DNA repair scoops Nobel: Research sheds light on new ways to fight cancer
London, 8 Oct:
Three scientists from Sweden, the United States and Turkey won the 2015 Nobel Prize for Chemistry on Wednesday for working out how cells repair damaged DNA, providing new ammunition in the war on cancer.
Detailed understanding of DNA damage has helped drive a revolution in cancer treatment as researchers develop new drugs that target specific molecular pathways used by tumour cells to proliferate.
Tomas Lindahl, Paul Modrich and Aziz Sancar won the prize for “mechanistic studies of DNA repair”. Their work mapped how cells repair deoxyribonucleic acid (DNA) to prevent damaging errors from appearing in genetic information.
In many forms of cancer, one of more of these repair systems is broken. “Their work has provided fundamental knowledge of how a living cell functions and is, for instance, used for the development of new cancer treatments,” the Royal Swedish Academy of Sciences said.
Thousands of alterations to a cell’s genome occur every day due to spontaneous changes and damage by radiation, free radicals and carcinogens – yet DNA remains astonishingly intact. To keep genetic materials from disintegrating, a range of molecular systems monitor and repair DNA, in processes that the three award-winning scientists helped map out.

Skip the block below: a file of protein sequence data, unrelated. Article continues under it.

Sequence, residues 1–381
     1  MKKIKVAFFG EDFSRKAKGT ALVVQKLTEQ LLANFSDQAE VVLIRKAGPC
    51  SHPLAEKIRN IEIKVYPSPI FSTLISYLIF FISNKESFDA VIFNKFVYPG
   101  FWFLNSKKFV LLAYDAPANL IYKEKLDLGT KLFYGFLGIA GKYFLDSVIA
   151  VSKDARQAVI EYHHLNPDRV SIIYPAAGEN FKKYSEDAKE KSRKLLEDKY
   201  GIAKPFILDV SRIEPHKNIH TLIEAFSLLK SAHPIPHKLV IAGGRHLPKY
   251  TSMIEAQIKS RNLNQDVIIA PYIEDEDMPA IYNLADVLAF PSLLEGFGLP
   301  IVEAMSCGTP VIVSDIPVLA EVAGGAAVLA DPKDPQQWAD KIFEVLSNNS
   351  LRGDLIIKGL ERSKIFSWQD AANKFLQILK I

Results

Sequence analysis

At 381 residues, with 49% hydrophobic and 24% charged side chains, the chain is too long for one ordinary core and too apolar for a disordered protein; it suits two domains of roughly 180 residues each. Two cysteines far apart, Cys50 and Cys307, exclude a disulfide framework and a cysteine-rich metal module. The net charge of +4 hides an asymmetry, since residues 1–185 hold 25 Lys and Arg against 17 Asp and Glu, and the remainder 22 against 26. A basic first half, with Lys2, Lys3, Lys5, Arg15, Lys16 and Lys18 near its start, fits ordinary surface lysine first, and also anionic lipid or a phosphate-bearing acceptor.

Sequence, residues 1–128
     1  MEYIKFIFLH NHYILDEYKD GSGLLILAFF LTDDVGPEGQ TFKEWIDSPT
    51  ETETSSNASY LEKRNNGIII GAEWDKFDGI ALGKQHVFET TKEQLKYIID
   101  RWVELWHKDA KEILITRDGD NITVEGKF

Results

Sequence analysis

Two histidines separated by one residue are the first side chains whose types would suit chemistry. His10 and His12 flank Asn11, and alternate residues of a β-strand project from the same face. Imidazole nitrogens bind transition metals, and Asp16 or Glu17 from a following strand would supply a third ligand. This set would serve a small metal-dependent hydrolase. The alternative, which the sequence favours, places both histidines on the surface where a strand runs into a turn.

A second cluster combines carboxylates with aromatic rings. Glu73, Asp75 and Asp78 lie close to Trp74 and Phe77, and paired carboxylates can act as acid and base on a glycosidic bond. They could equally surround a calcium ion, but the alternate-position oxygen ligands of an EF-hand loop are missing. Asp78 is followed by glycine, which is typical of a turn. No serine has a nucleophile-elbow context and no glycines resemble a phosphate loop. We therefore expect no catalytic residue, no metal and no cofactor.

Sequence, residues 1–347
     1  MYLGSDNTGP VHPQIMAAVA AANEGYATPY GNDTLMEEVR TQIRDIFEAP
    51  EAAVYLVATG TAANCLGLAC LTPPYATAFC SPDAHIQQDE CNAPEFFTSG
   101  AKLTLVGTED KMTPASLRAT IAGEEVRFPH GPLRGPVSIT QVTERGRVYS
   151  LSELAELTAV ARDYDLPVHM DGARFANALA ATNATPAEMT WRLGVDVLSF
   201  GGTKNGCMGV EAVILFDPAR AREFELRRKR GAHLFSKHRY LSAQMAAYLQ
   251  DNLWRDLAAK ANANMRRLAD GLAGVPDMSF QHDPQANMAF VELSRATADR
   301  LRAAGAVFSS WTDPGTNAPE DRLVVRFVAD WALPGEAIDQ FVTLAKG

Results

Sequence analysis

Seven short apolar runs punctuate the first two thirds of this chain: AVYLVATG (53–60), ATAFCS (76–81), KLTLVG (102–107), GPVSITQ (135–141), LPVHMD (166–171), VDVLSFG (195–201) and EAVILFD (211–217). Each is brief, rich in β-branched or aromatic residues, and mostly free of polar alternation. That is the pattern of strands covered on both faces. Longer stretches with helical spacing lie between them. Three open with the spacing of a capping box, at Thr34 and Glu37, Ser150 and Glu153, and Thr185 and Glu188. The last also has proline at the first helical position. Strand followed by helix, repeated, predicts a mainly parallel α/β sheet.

“It’s important for cancer prevention and cancer treatment. That is what I received it for,” Sancar, who has US and Turkish citizenship and is a professor at the University of North Carolina, told Reuters by telephone from his home. Sancar said he had been inundated by calls but his immediate plans were to shower, shave and go to his lab.
The 8 million Swedish crowns ($969,000) chemistry prize is the third of this year’s Nobels. Previous winners of the chemistry prize have included Ernest Rutherford, Marie Curie and Linus Pauling. — Reuters How cells repair DNA damage
- When cells divide, molecular machines seek to replicate the code perfectly, but random slipups in their work can cause the daughter cells to die or malfunction. DNA can also be damaged by strong sunlight and other environmental factors
- But there is a swarm of proteins — a molecular repair kit — designed to monitor the process. It proof-reads the code and repairs damage
- The three were lauded for mapping these processes, starting with Lindahl, who identified so-called repair enzymes – the basics in the toolbox